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Tab in Scam At Tax Office In D.C. Nears $50 Million

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By Carol D. Leonnig
Washington Post Staff Writer
Wednesday, February 20, 2008

Federal authorities think that nearly $50 million was stolen in an embezzlement scheme run out of the D.C. tax office, more than double the amount they had previously uncovered, four sources close to the investigation said.

The corruption at the D.C. Office of Tax and Revenue went undetected much longer than initially thought, the sources said, extending back almost 20 years. In addition to tracking the missing money, authorities are looking into gifts suspected of being provided to co-workers and others by the woman accused of leading the scam, former tax office manager Harriette Walters.

The scheme is the largest corruption case in the city's history. Witnesses have told investigators that Walters, who is accused of issuing larger and larger bogus tax refund checks over the years, lavishly spread the wealth, the sources said.

Security guards got cash, office mates got free meals and virtually anyone who made a request got something, said the sources, who spoke on condition of anonymity because the investigation is ongoing.

Two of the sources, who are familiar with the accounts of witnesses, said the gifts included $35,000 to a co-worker who wanted to remodel her house, $25,000 in cash and luxury gifts to an assistant whom Walters began mentoring and $15,000 each to help two co-workers' daughters pay for renovations and credit card bills.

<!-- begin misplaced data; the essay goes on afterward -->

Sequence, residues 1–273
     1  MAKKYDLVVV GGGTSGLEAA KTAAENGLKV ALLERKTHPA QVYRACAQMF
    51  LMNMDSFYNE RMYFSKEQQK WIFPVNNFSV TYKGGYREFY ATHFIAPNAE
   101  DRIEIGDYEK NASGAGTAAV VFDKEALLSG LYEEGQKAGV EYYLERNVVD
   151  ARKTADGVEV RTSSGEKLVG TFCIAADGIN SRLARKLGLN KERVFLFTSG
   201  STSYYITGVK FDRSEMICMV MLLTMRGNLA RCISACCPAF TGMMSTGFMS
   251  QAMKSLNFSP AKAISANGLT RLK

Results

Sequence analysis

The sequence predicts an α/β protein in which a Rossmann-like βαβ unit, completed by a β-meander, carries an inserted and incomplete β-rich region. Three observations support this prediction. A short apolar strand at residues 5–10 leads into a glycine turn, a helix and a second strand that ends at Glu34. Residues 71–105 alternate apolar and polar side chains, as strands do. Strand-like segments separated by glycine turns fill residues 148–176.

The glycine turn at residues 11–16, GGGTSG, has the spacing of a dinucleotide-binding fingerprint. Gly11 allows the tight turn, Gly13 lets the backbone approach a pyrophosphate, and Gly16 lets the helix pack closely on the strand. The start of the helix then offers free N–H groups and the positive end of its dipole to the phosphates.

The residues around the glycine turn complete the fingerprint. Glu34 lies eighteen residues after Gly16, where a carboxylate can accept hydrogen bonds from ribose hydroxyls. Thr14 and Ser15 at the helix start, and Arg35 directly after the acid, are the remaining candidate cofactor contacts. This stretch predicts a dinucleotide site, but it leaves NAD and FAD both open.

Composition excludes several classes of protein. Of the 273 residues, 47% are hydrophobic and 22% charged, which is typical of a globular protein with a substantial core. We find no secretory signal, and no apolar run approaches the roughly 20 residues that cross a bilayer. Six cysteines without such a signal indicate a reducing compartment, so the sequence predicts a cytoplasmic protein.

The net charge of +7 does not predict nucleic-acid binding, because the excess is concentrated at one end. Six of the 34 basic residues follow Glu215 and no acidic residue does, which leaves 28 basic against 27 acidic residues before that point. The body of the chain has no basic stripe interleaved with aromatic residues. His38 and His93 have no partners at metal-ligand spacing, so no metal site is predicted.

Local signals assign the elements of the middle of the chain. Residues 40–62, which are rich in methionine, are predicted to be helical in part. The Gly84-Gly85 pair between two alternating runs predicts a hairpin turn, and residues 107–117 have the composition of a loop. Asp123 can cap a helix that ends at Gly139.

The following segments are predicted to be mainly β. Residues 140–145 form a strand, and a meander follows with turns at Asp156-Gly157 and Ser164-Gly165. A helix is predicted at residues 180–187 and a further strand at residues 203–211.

Walters repeatedly lent huge chunks of cash to colleagues with no requests for repayment, the two sources quoted witnesses as saying. And, said the sources, citing witnesses, Walters paid for her goddaughter's college tuition and a New Jersey home for $855,000. The goddaughter's attorney declined to comment on the case.

Since Walters was arrested in November, authorities have issued subpoenas for financial records, interviewed dozens of witnesses and built a more complete picture of what happened, the sources said.

Prosecutors told a judge soon after Walters was arrested that they had confirmed she had helped steal $20 million in fraudulent refund checks since 2004. But the estimated losses have been growing as federal investigators have delved further into records at the Office of Tax and Revenue and found dozens more fraudulent checks made out to city employees. Sources said that the total is nearing $50 million.

In early December, a Washington Post analysis found that $44.3 million in suspicious property tax refund checks had been issued by the office from 1999 to 2007, the period for which computerized city records were available. The Post identified 160 checks that lacked court orders required for legitimate large refunds and were made out to companies that were either fictitious or were not due a tax refund .

The higher the official theft total, the greater the potential penalty faced by Walters and the nine other people charged in the case.

Authorities are scrutinizing the activities of at least 40 people who have not been charged and are trying to determine whether they received things of value or were involved in financial transactions with those accused of being conspirators, according to interviews and documents reviewed by The Post. Those people are largely city employees who signed off on refund paperwork and others who received the gifts in question.

Witnesses have told authorities in recent weeks that Walters and a small cadre of friends began issuing bogus refund checks for modest amounts and erasing property tax bills as early as 1989. They told authorities that Walters told them that, by manipulating the manual, paper-based records of the office, they could prevent supervisors and computer tracking systems from checking behind them, the sources said.


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